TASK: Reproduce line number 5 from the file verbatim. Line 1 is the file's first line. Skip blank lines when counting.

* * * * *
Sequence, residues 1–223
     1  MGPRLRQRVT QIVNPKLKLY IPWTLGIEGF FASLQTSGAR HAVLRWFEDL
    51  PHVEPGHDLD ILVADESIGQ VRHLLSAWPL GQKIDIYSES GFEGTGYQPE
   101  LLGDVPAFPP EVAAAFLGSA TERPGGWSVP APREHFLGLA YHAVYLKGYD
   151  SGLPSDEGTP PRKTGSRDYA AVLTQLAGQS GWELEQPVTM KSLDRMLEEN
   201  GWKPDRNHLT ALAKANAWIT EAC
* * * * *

   151  SGLPSDEGTP PRKTGSRDYA AVLTQLAGQS GWELEQPVTM KSLDRMLEEN